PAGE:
“It’s just wild over here!” I hear a voice exclaim from the other end of the telephone line. “I’m up to my eyeballs in equipment.”
I was surprised that someone whose last name is Wild would use a descriptive like that so liberally. But I don’t think I knew what to expect from a director who had nearly been gunned down by howitzers on her first documentary.
It’s her second day in Whitehorse and Nettie Wild is sitting alone in a room piled high with speaker cables, projector equipment and an awkwardly large screen that folds together like a piece of Meccano. Misfortune seems to be trailing her. Two technicians she hired wound up in the hospital within days of each other. And the back hatch on her rental truck where she stores her gear is frozen shut.
Wild is preparing to drive into northern British Columbia to premiere the first feature-length documentary she has made since Fix in 2002. Clad in her Swedish wool army pants, faded leather jacket and reading glasses adorned with tiny pumpkins, she laughs amidst the chaos.
She’s elated to be back north and tells stories of her time in the wilderness: the day she got stranded on a mountain after a helicopter picked up the rest of her group and left her alone in the woods overnight; getting shuttled through the bush by dogsled and by horseback; and the dozens of unique northerners she’s met in various remote outposts.
It’s this last part that has most fascinated her. Wild’s latest film, KONELĪNE: our land beautiful, is a stunning portrait of those who live and work in northern British Columbia. “The people who move across this land live a really intriguing lifestyle,” she says. In the North, there are the First Nations who’ve been there for thousands of years who live a mixture of contemporary and traditional ways of life. And then there are the non-native “wackos,” as Wild lovingly calls them, who have wound up in the North for a variety of reasons. “It takes a real kind of personality to choose to battle the wilderness and turn it into a way of living.”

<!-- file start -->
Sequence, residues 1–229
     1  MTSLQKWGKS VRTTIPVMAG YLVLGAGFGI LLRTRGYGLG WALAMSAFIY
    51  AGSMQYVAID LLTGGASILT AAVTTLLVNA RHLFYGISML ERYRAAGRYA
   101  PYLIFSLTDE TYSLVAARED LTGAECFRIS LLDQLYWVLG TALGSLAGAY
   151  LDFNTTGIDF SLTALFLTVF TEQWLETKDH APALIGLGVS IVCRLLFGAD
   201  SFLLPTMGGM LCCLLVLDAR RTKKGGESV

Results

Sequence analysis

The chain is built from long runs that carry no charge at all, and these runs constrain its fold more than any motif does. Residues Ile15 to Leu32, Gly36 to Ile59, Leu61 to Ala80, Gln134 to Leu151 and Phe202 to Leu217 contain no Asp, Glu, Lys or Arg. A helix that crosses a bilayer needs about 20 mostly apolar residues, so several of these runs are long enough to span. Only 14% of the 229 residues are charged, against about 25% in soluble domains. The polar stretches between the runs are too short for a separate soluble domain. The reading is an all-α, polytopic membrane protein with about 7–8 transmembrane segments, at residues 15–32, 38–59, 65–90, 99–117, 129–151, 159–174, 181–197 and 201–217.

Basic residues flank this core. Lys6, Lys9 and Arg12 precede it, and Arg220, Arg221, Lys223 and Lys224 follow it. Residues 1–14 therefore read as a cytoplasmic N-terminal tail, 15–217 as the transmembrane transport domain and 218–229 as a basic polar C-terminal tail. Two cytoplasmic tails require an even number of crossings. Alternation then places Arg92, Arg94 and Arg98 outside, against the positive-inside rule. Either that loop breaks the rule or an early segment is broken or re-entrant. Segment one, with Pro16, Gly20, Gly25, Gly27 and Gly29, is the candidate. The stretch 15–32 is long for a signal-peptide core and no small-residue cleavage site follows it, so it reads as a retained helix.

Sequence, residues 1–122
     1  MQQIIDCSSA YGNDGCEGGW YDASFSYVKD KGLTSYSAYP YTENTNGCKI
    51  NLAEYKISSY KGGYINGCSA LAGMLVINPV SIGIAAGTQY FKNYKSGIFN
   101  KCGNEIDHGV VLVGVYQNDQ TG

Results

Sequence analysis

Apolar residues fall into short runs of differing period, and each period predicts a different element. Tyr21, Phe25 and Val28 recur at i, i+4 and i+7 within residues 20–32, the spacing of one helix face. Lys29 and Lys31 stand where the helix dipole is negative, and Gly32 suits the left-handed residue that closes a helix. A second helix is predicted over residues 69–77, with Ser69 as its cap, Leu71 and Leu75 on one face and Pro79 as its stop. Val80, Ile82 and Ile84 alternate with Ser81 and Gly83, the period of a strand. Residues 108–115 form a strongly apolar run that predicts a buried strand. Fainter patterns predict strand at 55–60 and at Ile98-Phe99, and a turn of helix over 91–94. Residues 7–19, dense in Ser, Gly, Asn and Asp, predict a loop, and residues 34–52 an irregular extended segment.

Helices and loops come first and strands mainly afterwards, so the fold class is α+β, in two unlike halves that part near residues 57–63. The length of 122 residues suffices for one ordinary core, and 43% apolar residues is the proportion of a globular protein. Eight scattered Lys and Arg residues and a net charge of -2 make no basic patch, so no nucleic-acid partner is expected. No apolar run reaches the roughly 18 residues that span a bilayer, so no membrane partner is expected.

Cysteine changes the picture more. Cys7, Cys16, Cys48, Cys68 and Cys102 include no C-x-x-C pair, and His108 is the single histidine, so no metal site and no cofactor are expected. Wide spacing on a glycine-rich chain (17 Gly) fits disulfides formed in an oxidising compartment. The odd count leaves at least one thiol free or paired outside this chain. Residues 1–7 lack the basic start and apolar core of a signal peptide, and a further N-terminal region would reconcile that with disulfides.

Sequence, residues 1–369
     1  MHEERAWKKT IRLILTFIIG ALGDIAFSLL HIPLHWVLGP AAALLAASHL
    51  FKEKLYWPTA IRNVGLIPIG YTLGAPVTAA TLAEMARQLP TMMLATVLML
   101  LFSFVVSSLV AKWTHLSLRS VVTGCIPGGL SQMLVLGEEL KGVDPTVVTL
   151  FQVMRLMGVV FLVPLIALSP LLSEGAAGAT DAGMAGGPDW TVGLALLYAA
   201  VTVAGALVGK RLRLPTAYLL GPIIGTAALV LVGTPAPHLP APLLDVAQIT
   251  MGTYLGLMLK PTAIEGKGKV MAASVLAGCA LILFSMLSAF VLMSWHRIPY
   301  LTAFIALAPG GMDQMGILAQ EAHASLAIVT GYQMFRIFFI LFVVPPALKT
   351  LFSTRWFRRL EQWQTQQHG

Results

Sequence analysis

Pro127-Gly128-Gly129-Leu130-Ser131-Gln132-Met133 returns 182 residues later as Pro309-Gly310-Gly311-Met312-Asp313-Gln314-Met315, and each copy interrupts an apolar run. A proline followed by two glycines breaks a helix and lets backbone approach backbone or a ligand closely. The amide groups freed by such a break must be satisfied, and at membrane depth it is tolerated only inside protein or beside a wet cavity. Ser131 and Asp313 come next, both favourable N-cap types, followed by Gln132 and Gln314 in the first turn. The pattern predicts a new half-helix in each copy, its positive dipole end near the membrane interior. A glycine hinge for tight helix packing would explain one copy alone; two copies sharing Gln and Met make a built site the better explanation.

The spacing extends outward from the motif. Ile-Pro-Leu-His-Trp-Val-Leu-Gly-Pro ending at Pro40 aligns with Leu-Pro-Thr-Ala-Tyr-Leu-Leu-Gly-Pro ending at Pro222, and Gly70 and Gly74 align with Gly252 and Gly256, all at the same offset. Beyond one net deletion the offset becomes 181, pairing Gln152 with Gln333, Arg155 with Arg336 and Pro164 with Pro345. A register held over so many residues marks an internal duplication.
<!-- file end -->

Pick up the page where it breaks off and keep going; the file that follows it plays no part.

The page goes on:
Beyond this cast of characters is a lush wilderness that holds massive deposits of copper and gold. In this case, a ‘golden triangle’ of mineral deposits near the Tahltan First Nation communities of Telegraph Creek, Iskut and Dease Lake. “You’ve got this chunk of land where the seeds of conflict have been sown millions of years ago,” says Wild. These towns are fighting an onslaught of mineral exploration that threatens traditional ways of living while also offering jobs in an economically starved area.